The Archive Thief: The Man Who Salvaged French Jewish History in the Wake of the Holocaust
Author: Lisa Moses Leff
In the aftermath of the Holocaust, the Jewish historian Zosa Szajkowski stole tens of thousands of archival documents related to French Jewish history from public archives and collections in France and moved them illicitly to New York. Why did this respectable historian become a thief? And why did librarians in the United States and Israel accept these materials from him, turning a blind eye to the signs of ownership they bore?
Leff reconstructs Szajkowski's gripping story in all its ambiguity. Born into poverty in Russian Poland in 1911, Szajkowski was a self-made man who managed to make a life for himself as an intellectual, first as a journalist in 1930s Paris, and then, after a harrowing escape to New York in 1941, as a scholar. Although he never taught at a university or even earned a PhD, Szajkowski became one of the world's foremost experts on the history of the Jews in modern France, publishing in Yiddish, English, and Hebrew. His work opened up new ways of thinking about Jewish emancipation, economic and social modernization, and the rise of modern antisemitism.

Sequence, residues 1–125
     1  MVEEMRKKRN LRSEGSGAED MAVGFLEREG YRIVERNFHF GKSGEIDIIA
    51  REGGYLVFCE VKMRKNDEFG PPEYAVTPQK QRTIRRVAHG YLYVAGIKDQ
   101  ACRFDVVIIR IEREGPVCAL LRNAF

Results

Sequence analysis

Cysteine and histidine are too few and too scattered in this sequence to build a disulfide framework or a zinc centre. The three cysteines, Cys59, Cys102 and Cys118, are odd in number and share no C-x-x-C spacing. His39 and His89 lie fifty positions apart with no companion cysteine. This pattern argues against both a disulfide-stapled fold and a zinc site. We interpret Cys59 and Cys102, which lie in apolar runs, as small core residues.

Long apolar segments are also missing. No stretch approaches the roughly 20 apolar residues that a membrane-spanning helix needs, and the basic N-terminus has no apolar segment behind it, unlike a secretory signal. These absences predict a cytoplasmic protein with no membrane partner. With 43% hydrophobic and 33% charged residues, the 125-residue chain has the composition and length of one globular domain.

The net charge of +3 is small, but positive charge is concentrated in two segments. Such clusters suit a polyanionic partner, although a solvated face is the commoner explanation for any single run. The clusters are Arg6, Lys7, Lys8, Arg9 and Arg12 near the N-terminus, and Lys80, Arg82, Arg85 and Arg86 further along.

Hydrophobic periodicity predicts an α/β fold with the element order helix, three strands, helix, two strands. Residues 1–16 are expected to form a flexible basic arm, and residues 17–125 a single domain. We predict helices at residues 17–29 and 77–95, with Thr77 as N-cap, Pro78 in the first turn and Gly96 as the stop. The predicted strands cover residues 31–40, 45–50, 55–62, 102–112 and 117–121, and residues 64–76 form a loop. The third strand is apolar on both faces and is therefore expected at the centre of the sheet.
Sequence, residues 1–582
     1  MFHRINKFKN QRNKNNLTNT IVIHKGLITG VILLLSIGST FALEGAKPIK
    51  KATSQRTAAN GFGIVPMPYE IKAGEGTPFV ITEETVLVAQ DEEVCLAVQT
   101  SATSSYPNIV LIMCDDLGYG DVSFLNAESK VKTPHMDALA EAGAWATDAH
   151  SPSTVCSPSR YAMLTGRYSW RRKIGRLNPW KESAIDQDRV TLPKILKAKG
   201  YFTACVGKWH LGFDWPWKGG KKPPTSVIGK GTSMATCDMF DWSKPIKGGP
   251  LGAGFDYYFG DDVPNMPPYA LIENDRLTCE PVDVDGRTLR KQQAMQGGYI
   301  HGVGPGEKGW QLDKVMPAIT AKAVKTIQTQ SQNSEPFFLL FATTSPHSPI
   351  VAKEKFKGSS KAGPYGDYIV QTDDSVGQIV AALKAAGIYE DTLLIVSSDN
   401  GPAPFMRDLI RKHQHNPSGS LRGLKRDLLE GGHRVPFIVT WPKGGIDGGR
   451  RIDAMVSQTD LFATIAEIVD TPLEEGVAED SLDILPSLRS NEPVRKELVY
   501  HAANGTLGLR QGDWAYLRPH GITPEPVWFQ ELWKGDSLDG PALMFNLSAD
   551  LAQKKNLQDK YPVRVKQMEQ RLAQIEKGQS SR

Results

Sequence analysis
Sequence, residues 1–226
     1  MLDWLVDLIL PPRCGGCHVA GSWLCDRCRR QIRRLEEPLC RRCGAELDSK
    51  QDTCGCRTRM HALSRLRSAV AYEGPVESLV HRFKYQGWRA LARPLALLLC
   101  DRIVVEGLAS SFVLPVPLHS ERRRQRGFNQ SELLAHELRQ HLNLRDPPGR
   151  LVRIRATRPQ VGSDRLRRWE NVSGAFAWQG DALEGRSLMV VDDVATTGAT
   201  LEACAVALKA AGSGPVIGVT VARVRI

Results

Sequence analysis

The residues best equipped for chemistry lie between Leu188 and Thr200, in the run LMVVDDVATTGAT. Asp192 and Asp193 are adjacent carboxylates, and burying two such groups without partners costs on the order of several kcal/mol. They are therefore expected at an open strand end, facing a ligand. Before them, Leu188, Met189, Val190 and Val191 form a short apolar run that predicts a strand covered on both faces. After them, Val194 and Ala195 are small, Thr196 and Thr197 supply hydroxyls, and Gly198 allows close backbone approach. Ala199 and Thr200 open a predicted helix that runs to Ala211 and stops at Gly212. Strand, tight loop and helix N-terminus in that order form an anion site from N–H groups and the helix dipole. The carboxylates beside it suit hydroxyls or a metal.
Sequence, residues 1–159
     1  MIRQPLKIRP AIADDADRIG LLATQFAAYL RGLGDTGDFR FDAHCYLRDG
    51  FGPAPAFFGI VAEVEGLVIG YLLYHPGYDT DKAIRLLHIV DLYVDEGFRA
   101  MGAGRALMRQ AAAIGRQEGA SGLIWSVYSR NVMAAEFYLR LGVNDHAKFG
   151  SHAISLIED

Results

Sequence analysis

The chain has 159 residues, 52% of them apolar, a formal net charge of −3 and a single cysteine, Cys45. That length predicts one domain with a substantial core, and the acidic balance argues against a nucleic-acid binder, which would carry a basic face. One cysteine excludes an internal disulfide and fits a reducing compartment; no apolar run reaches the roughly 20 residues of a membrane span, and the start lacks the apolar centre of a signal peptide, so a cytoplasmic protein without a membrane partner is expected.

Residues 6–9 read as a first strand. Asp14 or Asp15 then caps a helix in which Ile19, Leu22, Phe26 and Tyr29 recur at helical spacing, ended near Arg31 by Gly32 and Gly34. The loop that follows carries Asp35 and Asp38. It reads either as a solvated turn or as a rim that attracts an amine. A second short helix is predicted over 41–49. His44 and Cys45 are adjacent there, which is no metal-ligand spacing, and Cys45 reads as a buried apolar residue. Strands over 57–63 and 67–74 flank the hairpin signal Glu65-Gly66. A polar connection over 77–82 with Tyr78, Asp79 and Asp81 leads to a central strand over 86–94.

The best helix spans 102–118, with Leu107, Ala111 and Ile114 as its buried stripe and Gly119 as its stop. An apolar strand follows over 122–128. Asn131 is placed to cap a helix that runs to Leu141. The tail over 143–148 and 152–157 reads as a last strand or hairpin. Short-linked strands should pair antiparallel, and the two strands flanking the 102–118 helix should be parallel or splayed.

But beneath Szajkowski's scholarly accomplishments lay his shameful secret: his pathbreaking articles were based upon documents that he moved illicitly to New York. Eventually, he sold these documents piecemeal to American and Israeli research libraries where they still remain. Leff takes us into the backstage of the archives, revealing the powerful ideological, economic, and psychological forces that made Holocaust-era Jewish scholars care more deeply than ever before about preserving the remnants of their past. As Leff shows, it is only when we understand the issues at the heart of his story, in all their ambiguity and complexity, that we can begin to address the larger questions of the rightful ownership of Jewish archives, as well as other contested archives, that are still at issue today.